Always-tropical Singapore is known for its bright skyscrapers but there’s another side to the city, too.
By: Ben Mack
“Frog legs… good choice,” says my friend, Keith Chow, as we look at the menu on the side of the food stall. Each item listed includes a photo. There’s chicken, pork, fish, duck, noodles – and frog legs. It’s not uncommon to find them in Singapore, especially at a collection of food stalls known as a hawker centre, like the one we’re at near a busy motorway.
The frog legs are served on a large, round plate. Steam rising from them, they taste crispy, a bit like chicken, even though they’re coated in soy sauce. Even more surprising, they cost just a few Singapore dollars – hawker centres are not meant to be expensive.
That food can be cheap in a city packed with as many skyscrapers, luxury hotels and designer stores as Singapore may come as a surprise. But there’s a whole other side to the Asian city-state, which I discover while exploring the city with Keith who lives in Singapore.
Our day, which will end with having frog legs for dinner, begins near the bustling centre of the city-state. We get to Little India by local train – Singapore has a clean, well-connected system called the MRT that lets visitors get anywhere within minutes, and each station has good air conditioning that ensures a comfortable journey.
Bright colours and a trip back in time
Little India was founded by Indian immigrants. Bright colours – yellows, reds, pinks, oranges, greens, blues, purples and more – are everywhere. They’re on the front of buildings, the clothes in the shops so full of things for sale it’s hard to walk around, the candles at shrines for various Hindu goddesses and gods, even the plates at many of the restaurants and cafes.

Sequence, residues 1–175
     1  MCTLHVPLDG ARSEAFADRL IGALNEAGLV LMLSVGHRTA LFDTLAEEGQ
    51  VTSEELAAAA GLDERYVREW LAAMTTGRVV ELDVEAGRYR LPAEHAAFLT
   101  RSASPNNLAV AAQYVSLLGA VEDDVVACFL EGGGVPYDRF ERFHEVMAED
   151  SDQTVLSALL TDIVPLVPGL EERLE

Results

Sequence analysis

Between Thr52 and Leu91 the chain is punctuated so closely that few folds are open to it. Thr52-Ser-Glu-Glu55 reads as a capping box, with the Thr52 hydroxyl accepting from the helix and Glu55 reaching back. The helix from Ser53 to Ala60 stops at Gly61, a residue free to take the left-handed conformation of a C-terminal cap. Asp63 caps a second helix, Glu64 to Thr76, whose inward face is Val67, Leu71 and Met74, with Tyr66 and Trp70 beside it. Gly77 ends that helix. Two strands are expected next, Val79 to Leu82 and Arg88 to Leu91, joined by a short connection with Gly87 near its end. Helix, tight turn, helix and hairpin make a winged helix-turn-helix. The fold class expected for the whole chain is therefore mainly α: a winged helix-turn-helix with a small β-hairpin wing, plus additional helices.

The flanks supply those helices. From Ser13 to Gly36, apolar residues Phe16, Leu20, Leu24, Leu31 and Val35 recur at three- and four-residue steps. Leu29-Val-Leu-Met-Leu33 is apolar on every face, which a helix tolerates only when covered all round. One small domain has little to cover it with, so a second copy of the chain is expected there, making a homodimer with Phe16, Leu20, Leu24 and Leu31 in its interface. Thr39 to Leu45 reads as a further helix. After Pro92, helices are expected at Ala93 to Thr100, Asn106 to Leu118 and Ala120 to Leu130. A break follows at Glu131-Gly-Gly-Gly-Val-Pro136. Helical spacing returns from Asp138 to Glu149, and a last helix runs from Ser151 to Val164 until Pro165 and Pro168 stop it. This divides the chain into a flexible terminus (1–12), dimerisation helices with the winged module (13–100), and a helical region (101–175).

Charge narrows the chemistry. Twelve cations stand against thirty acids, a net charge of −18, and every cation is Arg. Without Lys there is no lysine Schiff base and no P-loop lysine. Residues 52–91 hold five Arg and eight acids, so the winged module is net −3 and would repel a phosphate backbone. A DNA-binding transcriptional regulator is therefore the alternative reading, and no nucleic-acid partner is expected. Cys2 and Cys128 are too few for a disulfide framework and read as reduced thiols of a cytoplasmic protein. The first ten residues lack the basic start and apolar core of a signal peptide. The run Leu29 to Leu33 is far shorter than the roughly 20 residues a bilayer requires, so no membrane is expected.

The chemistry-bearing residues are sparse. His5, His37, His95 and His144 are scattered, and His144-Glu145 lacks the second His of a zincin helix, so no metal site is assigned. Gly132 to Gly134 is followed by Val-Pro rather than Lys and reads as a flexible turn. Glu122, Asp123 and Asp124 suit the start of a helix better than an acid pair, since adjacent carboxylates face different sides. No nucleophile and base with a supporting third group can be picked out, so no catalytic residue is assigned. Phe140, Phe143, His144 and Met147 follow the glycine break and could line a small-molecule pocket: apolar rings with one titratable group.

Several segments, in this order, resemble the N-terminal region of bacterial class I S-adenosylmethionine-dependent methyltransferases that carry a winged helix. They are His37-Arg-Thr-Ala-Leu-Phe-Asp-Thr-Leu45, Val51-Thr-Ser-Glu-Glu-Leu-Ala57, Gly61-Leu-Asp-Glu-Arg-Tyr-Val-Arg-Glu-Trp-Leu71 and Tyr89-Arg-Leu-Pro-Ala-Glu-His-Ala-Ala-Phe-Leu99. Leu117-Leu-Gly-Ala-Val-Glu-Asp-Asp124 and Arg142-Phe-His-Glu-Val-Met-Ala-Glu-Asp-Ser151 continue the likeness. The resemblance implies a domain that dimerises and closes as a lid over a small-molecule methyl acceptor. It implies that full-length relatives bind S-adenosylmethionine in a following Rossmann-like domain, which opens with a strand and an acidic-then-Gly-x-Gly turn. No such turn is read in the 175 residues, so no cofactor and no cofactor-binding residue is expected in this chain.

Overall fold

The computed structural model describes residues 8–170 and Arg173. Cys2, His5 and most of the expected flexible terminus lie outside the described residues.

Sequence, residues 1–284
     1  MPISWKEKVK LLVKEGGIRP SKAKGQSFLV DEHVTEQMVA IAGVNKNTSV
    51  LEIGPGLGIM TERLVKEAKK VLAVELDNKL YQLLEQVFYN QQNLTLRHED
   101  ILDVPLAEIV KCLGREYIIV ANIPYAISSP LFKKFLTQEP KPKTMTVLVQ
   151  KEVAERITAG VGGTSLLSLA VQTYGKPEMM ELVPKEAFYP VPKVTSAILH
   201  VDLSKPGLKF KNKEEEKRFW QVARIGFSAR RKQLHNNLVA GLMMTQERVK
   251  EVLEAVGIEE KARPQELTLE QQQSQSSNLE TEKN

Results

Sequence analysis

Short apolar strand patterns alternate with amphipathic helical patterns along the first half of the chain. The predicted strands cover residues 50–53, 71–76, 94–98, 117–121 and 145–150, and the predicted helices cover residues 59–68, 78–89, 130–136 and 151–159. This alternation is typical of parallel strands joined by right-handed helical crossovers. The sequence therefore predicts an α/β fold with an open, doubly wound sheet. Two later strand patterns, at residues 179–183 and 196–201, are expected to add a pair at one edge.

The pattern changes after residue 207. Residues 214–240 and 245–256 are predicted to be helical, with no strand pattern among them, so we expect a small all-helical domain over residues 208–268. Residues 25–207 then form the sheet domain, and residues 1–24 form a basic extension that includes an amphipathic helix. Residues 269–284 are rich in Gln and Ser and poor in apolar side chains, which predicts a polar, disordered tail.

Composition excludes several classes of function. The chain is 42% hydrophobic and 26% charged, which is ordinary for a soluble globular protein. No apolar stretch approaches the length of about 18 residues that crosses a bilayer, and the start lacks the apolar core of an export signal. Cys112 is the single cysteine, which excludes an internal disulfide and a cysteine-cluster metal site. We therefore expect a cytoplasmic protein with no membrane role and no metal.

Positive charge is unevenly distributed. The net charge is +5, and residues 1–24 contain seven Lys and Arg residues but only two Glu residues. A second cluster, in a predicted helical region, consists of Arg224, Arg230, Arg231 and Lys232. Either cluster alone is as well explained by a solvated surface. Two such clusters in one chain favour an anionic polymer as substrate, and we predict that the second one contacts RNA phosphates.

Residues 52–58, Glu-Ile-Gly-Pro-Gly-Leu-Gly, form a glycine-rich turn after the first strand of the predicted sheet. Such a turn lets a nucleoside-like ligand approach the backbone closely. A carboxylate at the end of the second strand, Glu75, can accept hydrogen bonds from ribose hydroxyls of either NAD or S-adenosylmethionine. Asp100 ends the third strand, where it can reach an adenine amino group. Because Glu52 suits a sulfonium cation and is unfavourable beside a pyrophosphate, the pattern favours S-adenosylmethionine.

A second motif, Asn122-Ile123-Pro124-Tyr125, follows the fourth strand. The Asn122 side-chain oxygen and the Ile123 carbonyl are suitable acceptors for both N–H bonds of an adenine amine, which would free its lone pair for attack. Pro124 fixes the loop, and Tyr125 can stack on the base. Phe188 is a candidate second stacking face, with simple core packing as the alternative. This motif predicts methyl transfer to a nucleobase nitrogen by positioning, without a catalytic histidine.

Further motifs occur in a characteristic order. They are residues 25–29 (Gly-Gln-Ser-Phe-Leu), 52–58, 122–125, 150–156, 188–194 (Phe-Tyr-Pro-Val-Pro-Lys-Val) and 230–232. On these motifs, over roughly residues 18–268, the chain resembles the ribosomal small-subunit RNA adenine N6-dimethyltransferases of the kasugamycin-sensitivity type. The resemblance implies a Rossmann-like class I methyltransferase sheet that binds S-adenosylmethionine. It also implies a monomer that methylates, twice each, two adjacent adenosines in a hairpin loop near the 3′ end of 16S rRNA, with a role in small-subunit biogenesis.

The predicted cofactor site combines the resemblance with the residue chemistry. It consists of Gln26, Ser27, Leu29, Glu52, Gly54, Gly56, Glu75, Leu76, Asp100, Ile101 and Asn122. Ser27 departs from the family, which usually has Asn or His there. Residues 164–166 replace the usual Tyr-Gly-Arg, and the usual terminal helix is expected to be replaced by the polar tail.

The smell of spice is everywhere, too. We follow what seems to be an especially strong aroma and find ourselves at one of the many restaurants in the area. It’s an Indian eatery serving Tamil cuisine, as many people who immigrated to Singapore came from the southern Indian state of Tamil Nadu.
Tamil food is known for being incredibly spicy – and the fish curry I have with rice is no exception. But it’s instantly cooled off with sips of mango lassi, a thick, fruity drink with a yoghurt-like texture that’s also very sweet.
After our lunch in the cosy restaurant, with whirring fans on the ceiling providing a comfortable break from the midday heat, we hop back on the train and within a couple stops travelling south on the downtown line, arrive in Chinatown. Like Little India, Chinatown was originally a place where many immigrants settled. In this area in the centre of Singapore, signs are still written in Chinese, and the brick buildings have orange tiled roofs and colonial architecture. Strings of paper lanterns crisscross the streets, which can trick a person into thinking they’ve gone back in time.
An authentic Singaporean experience
The area is also famous for shopping – everything from clothes to shoes, souvenirs, electronics, antiques, fresh food and more, and like Little India, prices far lower than the nearby shopping malls and their designer stores. The hours melt away seeing, hearing and smelling (the smell of incense can be quite strong in some places) the shops. My friend recommended bringing two water bottles for a day of wandering, and I’m glad to have followed his suggestion, as I find myself taking a refreshing sip every few minutes.
As the sun gets lower, it’s time for dinner. Keith suggests a hawker centre for an authentic Singaporean experience. He says there’s a particularly good one practically just around the corner from where we are in Chinatown.